Background Recent advances in the identification of loci associated with susceptibility to complex disease have led to methods being developed that incorporate this information into genetic screening models to identify individuals at high risk of disease.
Objectives Here we present the first risk prediction model including all 46 known genetic loci associated with rheumatoid arthritis (RA) in Caucasian populations.
Methods Weighted genetic risk scores (wGRS) were created using odds ratios from 45 RA susceptibility SNPs  and a HLA-DRB1 tag SNP or imputed HLA-DRB1 alleles. The wGRS were tested in 11,370 RA cases and 15,536 healthy controls of known genotype. The risk of developing RA was assessed using logistic regression by dividing the wGRS into 5 quintiles. The ability of the wGRS to discriminate between cases and controls was assessed by receiver operator curve (ROC) analysis in all patients and patients with anti-CCP positive disease.
Results HLA-DRB1 imputation accuracy was assessed by checking concordance with ~1800 HLA-DRB1 typed samples: 2 digit (97%), 4 digit (91%). Using a model containing all 45 loci and imputed 4 digit HLA-DRB1 genotypes the odds of developing RA for those in the highest risk quintile compared to all others was 10.01 (95% CI 9.16-10.94) and this was further increased in anti-CCP positive individuals (OR 26.23 95% CI 22.88-30.08). The area under the ROC (AUC) showed that the ability of the model to discriminate correctly between individuals at risk and those not at risk was 0.72, improving in anti CCP positive individuals (AUC 0.78). Net reclassification tests showed that including 4 digit HLA-DRB1 alleles produced an overall reclassification improvement of 49% over a HLA-DRB1 tag SNP between models.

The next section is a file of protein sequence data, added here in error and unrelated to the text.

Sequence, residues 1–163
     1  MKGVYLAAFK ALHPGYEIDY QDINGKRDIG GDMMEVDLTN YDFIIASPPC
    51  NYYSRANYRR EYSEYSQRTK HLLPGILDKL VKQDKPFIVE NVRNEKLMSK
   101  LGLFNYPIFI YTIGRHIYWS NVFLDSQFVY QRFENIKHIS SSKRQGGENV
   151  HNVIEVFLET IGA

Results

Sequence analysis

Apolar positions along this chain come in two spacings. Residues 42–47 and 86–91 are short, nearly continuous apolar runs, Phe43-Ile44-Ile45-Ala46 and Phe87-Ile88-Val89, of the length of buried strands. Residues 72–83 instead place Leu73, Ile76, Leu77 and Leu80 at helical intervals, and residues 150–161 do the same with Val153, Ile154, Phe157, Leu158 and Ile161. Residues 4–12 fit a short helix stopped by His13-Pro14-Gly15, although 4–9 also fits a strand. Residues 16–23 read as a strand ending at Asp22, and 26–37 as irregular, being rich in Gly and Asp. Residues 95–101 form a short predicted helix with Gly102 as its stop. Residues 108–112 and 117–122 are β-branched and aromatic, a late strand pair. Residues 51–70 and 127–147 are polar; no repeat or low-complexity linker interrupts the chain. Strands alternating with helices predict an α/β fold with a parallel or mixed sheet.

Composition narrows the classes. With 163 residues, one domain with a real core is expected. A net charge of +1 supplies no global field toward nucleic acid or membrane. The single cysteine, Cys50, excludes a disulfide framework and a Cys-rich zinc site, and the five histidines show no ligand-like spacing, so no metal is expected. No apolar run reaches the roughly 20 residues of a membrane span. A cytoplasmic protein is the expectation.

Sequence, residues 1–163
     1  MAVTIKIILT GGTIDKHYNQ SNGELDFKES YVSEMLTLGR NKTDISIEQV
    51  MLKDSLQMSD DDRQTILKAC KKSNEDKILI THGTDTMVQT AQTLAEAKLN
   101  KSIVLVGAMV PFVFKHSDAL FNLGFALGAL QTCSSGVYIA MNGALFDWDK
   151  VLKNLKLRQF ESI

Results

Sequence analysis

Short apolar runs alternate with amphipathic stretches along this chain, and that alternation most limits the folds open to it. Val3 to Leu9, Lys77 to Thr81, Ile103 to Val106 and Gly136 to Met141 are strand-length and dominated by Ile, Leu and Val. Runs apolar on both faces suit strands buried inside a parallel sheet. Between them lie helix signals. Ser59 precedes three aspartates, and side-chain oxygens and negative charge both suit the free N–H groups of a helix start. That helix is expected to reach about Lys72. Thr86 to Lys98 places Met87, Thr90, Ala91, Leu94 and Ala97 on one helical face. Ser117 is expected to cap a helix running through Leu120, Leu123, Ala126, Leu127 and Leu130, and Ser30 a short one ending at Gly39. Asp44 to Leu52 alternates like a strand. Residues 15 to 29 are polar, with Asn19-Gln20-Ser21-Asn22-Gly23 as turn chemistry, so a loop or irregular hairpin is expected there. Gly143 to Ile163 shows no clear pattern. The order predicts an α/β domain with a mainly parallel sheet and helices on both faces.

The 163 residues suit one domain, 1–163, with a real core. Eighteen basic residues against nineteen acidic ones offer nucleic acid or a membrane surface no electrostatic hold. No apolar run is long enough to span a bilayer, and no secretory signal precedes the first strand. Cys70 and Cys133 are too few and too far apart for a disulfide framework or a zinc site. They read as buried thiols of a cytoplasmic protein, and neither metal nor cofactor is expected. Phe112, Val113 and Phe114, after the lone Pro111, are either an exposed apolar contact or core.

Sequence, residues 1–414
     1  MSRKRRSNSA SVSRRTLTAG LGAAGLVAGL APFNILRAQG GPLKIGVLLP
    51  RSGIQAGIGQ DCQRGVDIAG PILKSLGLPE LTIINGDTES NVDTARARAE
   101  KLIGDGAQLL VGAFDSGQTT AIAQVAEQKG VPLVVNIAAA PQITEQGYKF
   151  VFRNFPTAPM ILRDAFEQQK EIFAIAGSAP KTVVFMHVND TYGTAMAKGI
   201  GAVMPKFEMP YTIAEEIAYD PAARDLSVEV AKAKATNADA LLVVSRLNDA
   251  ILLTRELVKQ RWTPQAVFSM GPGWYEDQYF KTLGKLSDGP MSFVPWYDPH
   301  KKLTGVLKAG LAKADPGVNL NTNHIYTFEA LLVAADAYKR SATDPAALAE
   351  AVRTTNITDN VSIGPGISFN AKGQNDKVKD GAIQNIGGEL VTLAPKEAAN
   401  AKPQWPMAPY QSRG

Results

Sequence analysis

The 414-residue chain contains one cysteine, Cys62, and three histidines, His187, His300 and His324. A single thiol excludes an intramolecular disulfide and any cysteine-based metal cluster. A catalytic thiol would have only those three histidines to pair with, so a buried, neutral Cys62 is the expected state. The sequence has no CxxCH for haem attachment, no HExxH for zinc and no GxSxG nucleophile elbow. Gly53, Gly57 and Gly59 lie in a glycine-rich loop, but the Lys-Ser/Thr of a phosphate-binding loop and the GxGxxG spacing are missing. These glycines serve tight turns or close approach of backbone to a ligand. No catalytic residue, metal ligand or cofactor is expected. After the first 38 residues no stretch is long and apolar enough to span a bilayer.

The wGRS model had a Sensitivity of 44% and specificity of 90% in CCP positive individuals, which resulted in an accuracy of 76%.
Conclusions Our study has shown the increased accuracy when using 4-digit HLA-DRB1 alleles in risk prediction models. We have shown that in RA the prediction performance remains modest when including all known genetic variants and it is too soon for these tests to be implemented in clinic or to have great utility in population screening.
Eyre S, Bowes J, Diogo D, Lee A, Barton A, Martin P, Zhernakova A, Stahl E, Viatte S, McAllister K et al.: High-density genetic mapping identifies new susceptibility loci for rheumatoid arthritis. Nat Genet 2012, 44:1336-1340.
Acknowledgements This work was supported by the IMI JU funded project BeTheCure, contract no 115142-2.
Disclosure of Interest None Declared